By Brady Udall
Place: Publisher & Year: New York: Vintage Contemporaries, c2001, 2002
Genre: General fiction
Audience: Adult, young adult
Number of pages: 423
Setting: Various locations in Arizona, including San Carlos Reservation, Globe, and Fort Apache. Also set in Richland, UT and Stony Run, PA.
Time period: Hard to decipher, but it seems like late 1960s to early 1970s.
Plot summary: “If I could tell you only one thing about my life it would be this: when I was seven years old the mailman ran over my head” (p. 13). Edgar Mint’s life is not an easy one. After dying and being brought back to life, Edgar awakens from a coma utterly alone in the world. His mother and grandmother, both believing he is dead, have disappeared. Once well enough to leave the hospital, Edgar is sent to live at a BIA school where a distant ancient uncle works. The trials Edgar endures here make the mail truck incident seem like a picnic. In spite of this, Edgar not only perseveres, but manages to leave the school for an idyllic family setting in Utah, which ends up being not so idyllic. What seems like it should be a tragically sad story is filled with humorous incidents, offbeat characters, and Edgar’s persistent wish to find and forgive the man who almost killed him.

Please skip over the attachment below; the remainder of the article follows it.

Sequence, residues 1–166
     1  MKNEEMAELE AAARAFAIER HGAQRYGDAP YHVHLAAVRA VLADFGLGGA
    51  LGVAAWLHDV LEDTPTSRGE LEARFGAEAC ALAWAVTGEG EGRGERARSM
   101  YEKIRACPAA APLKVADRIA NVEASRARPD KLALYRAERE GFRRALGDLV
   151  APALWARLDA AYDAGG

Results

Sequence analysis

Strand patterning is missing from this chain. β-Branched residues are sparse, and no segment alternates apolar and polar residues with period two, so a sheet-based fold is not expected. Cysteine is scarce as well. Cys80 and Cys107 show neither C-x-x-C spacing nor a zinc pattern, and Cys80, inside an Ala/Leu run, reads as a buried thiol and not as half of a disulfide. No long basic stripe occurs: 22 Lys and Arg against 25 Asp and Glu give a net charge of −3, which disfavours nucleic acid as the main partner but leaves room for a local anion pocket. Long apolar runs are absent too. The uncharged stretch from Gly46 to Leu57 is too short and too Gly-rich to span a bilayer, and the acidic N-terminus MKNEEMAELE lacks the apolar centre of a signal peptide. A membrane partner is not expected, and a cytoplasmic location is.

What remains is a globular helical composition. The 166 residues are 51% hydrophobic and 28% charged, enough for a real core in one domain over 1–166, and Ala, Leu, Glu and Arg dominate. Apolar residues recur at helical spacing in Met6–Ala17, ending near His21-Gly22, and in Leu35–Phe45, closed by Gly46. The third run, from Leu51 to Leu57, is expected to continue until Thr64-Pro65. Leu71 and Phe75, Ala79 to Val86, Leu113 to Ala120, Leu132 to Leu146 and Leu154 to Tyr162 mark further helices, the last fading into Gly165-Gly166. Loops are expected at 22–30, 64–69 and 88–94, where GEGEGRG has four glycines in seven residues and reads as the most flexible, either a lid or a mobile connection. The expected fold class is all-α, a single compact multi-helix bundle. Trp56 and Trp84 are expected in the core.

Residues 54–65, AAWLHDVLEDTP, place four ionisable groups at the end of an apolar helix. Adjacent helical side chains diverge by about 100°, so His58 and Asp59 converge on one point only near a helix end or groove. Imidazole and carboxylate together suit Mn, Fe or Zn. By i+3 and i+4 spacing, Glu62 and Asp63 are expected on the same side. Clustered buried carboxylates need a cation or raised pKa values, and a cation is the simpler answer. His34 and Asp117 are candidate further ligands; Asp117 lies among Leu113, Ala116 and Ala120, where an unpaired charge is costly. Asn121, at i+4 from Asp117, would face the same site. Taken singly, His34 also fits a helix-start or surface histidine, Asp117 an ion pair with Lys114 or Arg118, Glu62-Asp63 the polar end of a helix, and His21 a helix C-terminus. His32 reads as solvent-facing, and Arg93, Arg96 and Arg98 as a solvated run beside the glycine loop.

Pacing: Moderate pace.
Characterization: The story is told in both first and third person through Edgar’s eyes. While many of the characters have impacts upon Edgar’s life, the most important secondary character is Barry Pinkley, the man who brought Edgar back to life.
Frame: The title and opening scene set the frame for this book. Edgar’s life is a miracle, which is not an easy thing to live with.
Story line: This is a wondrously funny story about a boy trying to make sense of the world and find his place within it.
Foster home care — Fiction.
Apache Indians — Fiction.
Boys — Fiction.
Orphans — Fiction.
Head — Wounds and injuries — Fiction.
Arizona — Fiction.
Cele Peterson Arizona Collection.
(Not very) Similar works:
The True Account by Howard Frank Mosher
This is not Civilization by Robert Rosenberg
Personal notes: I loved this book. What seemed like it should be a very sad story was mostly funny and utterly engrossing. The ending surprised me a bit, but seemed wholly appropriate.
Other: Diversity: orphan, Native Americans – Apache, Pima, Havasupai, Ute – Mormons, alcoholics & drug addicts, Filipino woman
This book won the 2002 Spur Award: Best Novel of the West